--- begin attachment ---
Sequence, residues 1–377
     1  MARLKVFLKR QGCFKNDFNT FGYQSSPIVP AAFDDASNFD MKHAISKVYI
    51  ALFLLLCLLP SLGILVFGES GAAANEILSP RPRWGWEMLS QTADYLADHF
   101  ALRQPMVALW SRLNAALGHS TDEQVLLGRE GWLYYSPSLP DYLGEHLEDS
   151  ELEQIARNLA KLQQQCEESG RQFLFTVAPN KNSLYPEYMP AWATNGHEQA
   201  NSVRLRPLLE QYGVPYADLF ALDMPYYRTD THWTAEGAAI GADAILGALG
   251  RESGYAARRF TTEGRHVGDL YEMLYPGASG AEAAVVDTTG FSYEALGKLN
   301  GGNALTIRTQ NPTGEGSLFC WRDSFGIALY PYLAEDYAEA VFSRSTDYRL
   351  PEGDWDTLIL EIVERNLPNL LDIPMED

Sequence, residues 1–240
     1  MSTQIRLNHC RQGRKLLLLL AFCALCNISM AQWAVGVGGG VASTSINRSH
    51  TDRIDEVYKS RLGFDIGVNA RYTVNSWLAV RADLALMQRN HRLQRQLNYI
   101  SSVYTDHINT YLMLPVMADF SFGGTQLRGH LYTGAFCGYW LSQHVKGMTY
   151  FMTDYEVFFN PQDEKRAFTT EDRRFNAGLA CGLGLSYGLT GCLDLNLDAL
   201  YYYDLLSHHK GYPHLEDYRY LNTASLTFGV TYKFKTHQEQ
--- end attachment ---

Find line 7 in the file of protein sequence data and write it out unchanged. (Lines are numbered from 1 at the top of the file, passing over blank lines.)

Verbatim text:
   251  RESGYAARRF TTEGRHVGDL YEMLYPGASG AEAAVVDTTG FSYEALGKLN